The state lease renewal is a major step in securing a future for the Trans Alaska Pipeline System, which delivers nearly a fifth of domestically produced oil and has shipped over 13.5 billion barrels of crude since it began operations in 1977.
Next month the Interior Department will formally renew the right-of-way agreement that allows the pipeline to operate on federal lands. That agreement, also scheduled to expire in 2004, will be extended for another 30 years. The Bush administration has identified speedy right-of-way renewal as a top energy priority. State and federal officials say there is no reason to deny the pipeline's owners another 30 years of access to those public lands.
Renewal of the leases and right-of-way agreements will clear the way for the pipeline to ship at least another 8.9 billion barrels over the next three decades, not counting any possible production from the Arctic National Wildlife Refuge, the U.S. Bureau of Land Management estimates.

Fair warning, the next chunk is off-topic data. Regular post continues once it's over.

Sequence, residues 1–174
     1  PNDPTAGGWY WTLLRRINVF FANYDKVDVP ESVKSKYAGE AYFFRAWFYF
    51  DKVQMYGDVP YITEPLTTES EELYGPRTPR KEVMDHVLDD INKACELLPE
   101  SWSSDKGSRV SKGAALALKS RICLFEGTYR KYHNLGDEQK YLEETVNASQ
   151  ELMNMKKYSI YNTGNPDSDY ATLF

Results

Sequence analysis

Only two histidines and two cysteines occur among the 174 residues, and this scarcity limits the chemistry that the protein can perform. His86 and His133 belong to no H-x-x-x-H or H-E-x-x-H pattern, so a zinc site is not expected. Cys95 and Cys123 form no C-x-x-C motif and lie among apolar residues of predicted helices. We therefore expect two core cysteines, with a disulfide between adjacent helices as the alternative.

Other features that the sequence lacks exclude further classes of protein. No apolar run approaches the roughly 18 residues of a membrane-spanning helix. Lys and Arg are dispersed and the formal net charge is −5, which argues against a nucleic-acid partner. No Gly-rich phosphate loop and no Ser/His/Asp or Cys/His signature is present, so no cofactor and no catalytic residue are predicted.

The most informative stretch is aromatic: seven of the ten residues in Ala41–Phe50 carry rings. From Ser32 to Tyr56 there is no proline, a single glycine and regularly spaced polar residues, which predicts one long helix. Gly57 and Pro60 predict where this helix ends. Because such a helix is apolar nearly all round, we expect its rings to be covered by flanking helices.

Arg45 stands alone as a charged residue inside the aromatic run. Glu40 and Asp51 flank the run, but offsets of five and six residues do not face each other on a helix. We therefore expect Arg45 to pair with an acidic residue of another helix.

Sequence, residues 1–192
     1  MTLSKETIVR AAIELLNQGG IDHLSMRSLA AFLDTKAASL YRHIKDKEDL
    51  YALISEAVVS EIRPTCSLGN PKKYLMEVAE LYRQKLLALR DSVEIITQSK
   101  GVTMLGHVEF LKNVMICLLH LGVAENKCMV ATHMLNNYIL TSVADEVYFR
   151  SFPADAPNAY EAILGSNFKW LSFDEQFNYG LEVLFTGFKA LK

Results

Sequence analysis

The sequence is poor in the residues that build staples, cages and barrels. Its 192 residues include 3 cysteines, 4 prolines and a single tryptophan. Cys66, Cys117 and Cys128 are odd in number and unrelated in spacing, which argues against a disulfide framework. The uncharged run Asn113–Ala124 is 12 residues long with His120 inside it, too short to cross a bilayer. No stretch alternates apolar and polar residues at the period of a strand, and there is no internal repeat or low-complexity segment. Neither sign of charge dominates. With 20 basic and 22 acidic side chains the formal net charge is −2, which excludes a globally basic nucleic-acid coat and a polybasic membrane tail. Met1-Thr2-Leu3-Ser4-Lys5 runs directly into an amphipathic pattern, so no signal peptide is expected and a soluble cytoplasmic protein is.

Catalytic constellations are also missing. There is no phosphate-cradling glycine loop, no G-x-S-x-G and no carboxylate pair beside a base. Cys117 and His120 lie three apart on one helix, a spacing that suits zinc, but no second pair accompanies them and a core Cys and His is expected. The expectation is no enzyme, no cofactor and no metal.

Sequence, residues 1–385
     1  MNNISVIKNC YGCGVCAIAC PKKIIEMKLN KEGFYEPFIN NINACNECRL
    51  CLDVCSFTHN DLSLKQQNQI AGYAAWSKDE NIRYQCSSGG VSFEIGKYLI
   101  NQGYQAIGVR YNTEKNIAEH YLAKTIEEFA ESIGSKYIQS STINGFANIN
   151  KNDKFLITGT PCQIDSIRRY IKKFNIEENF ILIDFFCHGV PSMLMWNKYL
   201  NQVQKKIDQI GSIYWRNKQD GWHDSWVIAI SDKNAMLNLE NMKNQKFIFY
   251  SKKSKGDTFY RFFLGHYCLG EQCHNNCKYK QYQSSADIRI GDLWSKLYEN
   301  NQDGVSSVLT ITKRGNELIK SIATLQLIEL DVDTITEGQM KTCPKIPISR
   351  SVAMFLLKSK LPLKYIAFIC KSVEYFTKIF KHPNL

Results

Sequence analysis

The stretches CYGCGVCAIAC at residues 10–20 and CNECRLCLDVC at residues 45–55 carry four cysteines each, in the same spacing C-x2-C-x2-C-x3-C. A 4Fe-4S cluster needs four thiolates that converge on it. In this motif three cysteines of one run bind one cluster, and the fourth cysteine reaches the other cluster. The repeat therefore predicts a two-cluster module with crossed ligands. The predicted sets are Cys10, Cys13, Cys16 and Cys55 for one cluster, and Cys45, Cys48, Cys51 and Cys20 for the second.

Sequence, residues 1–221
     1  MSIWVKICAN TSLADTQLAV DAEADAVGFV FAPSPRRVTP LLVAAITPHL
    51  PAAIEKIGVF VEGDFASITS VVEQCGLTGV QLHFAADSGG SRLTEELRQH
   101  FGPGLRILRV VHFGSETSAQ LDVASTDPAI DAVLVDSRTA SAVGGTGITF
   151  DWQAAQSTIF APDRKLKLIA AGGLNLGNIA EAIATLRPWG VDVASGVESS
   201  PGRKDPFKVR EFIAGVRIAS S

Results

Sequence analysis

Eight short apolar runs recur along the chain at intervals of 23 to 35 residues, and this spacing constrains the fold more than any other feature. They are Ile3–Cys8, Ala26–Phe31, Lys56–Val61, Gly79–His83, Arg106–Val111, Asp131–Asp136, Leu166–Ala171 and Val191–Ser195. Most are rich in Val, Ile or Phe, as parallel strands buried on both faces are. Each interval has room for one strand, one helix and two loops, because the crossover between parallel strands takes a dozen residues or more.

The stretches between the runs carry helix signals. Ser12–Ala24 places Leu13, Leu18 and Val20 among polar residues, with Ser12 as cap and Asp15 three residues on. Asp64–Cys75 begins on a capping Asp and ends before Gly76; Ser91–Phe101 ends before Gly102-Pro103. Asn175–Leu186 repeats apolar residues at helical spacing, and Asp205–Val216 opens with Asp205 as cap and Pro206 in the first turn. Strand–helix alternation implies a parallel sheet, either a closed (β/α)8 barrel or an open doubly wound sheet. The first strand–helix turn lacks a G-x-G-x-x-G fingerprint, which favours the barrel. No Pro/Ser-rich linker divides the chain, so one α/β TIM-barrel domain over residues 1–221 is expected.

Alyeska Pipeline Service Co., operator of the pipeline, says it has spent over $30 million in its applications for lease and right-of-way renewals. The two-year process began after Sylvia Baca, then director of the BLM, decided that renewal would necessitate a full environmental study of the system's past and future impacts. Alyeska is owned by six oil companies with interests on the North Slope. BP, ConocoPhillips and Exxon Mobil are the major owners; while Unocal, Williams Cos. Inc. and Amerada Hess own minority interests.
Also renewed on Tuesday were state leases for five major North Slope feeder lines. Those pipelines, the Endicott, Kuparuk, Kuparuk Extension, Milne Point and Oliktok lines, deliver 60 percent of the oil that is transported down the Trans Alaska Pipeline System. Their leases were extended for 30 years.
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